6. Okay, so it was you, Nicolas. That's where I must have seen it. Although the title has been on my radar for awhile. I just needed that extra 'oomph' to try it. I wish I could read as quickly as I used to. :)

  7. Changed your life - did you say? Wow. I've read books like that. It's amazing how a book can open a window and make you see things in a different way. :)

  8. I have only read The Uncommon Reader - a smallish book - and it was very interesting.

  9. Mystica: That's one I'm looking forward to, for sure. I've heard some very nice things about it. It looks like a short evening's reading.

  10. I always enjoy the Hazel Holt Mrs. Malory stories. I hope you enjoy that one. And The Herring-Seller's Apprentice is a wonderfully fun book. Have fun!

  11. What a fantastic load of books! Have a great time! Make sure to have tea and cookies, though.

    And I love that poster: It was made for me. But I add when reading a good book: Forget the housework--the dishes, cleaning, dusting. Even forget bill paying (yes, I do that when immersed in good books), and even errands unless they're crucial to your existence.

    Cannot wait to read your comments. "Voices" isn't the Indridason I'd pick--and I like his books. I liked "The Silence of the Grave," "Arctic Chill," "Jar City" (somewhat), and "Hypothermia," one of my favorite 2010 reads.

  12. Ha, I came here to comment that Kavalier and Clay is amazing and I really hope you enjoy it...looks like I'm not the only one who thinks so ;) I'm still going to chime in anyway! I've read it twice and always look out for a copy in second hand bookshops so I can have my own instead of borrowing it from the library repeatedly. Awesome, incredible book. Enjoy your haul! xx

  13. Bev: I think I'm going to like those in between reading the 'grimmer' stuff. It all depends on my mood. ;)

  14. Kathy: I didn't know which one to pick and my library didn't have a lot. If I don't like this one, I'll try and find HYPOTHERMIA. And even if I do like VOICES, I'll still try and find the others. Yeah, good list I think. I'm always hopeful - at least when it comes to books. Ha!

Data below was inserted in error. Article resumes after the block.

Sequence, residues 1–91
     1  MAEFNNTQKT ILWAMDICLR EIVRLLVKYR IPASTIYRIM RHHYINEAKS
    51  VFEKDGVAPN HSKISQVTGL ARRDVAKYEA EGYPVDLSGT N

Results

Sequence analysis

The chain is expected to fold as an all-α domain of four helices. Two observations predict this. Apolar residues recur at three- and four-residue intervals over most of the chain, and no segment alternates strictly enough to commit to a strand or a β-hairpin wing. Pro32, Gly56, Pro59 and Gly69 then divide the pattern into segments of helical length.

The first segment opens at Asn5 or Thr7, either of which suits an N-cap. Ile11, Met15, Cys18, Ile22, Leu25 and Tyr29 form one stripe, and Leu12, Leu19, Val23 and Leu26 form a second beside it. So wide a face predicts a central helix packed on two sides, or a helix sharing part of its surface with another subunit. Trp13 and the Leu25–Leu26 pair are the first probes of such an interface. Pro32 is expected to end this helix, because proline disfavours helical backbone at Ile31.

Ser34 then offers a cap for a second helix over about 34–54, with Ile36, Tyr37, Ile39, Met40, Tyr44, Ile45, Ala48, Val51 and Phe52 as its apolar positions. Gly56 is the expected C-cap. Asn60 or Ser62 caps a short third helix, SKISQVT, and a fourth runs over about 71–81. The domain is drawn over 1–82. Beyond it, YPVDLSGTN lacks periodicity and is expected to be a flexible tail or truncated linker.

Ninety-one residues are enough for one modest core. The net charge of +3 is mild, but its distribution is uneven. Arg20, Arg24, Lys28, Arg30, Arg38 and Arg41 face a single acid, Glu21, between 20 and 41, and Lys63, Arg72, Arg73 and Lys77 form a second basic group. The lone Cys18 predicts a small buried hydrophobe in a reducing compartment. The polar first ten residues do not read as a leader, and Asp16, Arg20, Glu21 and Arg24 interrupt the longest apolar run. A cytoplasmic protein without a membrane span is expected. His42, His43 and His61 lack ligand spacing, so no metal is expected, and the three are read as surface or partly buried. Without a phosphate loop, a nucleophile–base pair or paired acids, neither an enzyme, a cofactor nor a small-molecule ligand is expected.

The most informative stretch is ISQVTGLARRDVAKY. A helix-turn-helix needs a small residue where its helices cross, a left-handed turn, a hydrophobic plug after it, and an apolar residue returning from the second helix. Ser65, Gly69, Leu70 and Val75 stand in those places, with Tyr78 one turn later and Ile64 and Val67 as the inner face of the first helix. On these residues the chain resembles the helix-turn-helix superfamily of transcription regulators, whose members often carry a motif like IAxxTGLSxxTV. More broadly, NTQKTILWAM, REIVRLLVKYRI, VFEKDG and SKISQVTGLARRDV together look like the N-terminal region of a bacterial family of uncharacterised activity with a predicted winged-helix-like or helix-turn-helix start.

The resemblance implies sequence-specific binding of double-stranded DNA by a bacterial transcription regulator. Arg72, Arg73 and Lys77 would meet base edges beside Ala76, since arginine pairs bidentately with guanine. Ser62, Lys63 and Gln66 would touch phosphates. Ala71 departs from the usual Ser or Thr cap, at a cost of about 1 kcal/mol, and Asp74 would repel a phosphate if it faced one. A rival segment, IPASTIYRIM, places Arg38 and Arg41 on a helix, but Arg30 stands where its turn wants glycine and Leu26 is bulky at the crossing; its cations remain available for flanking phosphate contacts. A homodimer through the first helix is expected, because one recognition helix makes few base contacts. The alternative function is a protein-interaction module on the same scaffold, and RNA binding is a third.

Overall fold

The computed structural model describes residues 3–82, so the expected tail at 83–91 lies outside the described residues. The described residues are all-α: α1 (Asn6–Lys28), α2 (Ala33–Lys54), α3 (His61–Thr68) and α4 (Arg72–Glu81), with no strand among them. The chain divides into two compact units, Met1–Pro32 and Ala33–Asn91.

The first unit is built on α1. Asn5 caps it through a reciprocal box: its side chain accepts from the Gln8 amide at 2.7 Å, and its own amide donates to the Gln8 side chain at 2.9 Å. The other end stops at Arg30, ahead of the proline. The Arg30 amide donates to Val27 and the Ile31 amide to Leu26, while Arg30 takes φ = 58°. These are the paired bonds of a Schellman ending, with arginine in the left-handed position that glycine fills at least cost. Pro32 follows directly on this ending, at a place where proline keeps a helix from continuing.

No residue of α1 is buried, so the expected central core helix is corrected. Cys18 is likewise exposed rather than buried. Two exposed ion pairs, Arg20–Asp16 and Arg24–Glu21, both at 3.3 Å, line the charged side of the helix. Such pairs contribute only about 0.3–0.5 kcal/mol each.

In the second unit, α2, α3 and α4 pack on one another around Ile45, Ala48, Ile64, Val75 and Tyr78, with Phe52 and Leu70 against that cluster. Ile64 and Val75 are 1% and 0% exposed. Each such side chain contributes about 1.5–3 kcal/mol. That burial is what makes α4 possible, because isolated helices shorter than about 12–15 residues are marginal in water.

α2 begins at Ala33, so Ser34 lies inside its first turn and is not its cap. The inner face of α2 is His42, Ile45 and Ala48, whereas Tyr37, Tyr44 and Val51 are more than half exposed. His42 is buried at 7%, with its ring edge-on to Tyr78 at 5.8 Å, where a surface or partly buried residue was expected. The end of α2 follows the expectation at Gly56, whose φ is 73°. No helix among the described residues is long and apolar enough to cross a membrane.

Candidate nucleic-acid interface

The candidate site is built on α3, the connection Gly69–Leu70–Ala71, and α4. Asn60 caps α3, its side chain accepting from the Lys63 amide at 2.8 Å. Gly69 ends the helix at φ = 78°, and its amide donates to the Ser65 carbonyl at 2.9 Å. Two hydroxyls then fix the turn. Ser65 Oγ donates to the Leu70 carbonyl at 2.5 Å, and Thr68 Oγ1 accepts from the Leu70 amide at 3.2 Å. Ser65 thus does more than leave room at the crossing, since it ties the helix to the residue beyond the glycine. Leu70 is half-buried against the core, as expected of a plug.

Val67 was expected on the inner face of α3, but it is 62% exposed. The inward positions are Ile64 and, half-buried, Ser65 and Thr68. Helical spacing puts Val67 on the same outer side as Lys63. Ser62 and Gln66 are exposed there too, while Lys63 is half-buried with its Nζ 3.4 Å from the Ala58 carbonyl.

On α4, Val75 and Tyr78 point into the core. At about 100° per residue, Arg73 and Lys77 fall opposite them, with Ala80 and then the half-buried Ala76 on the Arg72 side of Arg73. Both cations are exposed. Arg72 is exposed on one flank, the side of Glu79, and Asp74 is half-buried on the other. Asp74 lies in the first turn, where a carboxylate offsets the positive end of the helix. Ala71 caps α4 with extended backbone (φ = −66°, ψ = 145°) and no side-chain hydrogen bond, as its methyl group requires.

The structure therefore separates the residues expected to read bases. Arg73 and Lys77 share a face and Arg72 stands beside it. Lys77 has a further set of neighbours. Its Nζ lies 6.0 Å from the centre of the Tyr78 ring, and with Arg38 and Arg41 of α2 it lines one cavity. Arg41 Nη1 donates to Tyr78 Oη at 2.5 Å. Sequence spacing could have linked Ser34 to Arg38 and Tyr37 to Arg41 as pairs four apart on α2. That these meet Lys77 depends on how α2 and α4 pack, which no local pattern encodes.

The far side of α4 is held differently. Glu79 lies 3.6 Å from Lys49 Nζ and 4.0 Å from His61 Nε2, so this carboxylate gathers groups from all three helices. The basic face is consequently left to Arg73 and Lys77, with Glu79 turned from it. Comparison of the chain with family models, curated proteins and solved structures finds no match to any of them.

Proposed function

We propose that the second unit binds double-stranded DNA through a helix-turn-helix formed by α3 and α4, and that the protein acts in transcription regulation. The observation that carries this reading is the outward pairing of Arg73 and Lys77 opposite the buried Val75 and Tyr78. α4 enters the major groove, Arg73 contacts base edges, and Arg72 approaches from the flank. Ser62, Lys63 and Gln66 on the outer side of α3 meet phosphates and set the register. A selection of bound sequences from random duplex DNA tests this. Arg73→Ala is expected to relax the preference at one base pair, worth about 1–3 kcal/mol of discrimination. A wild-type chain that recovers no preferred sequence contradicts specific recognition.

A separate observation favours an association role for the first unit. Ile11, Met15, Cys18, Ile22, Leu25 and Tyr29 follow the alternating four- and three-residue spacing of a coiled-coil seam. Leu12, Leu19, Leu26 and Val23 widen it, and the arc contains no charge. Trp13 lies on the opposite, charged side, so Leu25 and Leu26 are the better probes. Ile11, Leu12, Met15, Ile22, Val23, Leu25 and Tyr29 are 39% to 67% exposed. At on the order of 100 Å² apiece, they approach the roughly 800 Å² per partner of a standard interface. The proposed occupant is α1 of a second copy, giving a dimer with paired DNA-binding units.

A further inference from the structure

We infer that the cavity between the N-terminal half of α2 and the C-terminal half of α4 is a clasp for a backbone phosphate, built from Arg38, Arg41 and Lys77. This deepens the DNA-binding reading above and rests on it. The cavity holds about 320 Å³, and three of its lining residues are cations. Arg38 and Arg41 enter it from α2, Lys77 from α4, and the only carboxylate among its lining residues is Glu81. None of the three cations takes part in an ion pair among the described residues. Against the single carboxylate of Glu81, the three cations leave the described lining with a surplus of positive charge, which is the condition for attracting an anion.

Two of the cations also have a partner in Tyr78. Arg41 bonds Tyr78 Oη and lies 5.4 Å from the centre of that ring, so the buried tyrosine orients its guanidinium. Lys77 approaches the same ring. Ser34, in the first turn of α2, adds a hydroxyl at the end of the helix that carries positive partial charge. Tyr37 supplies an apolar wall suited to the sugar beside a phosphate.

15. rachel: Thanks for dropping by and joining in. Yes, everyone tells me how great KAVALIER AND CLAY is, can't wait to read it. I wonder why I haven't read it until now. Oh well, better late than never. ;)

  16. Wallace: Yeah, isn't it? A designer recently took the vintage posters and refitted them to be used to help save Britain's libraries. Been trying to find his name for a credit line, but so far haven't located it. I'm going to post a slide show showing all the posters involved in this new campaign. It's a disgrace what's happening to libraries in G.B. as well as other countries, including this one.

  17. I think you'll have a good time with that armload, Yvette. I've only read a couple of them. I enjoyed L. C. Tyler's THE HERRING-SELLER'S APPRENTICE, which is a good, funny takeoff on the genre (it's the first of three, so far, in the series). And I read Martin Edwards' THE CIPER GARDEN a couple of years back and enjoyed it thoroughly - he's an excellent writer. Sounds like you're going to be busy reading for a while...

  18. Les: And that's not even counting the books I'd already started before I even went to the library, Les. But somehow, it all gets done. Not as quickly as it used to, but quick enough. I don't expect that I'll read every single one, but you never know...

  19. The Uncommon Reader seems a most interesting title. Happy reading.

  20. Thanks, neer. It's a novella, really. The main character is the Queen of England, from what I understand.

  21. Must get Sara Paretsky at the library and Donna Leon.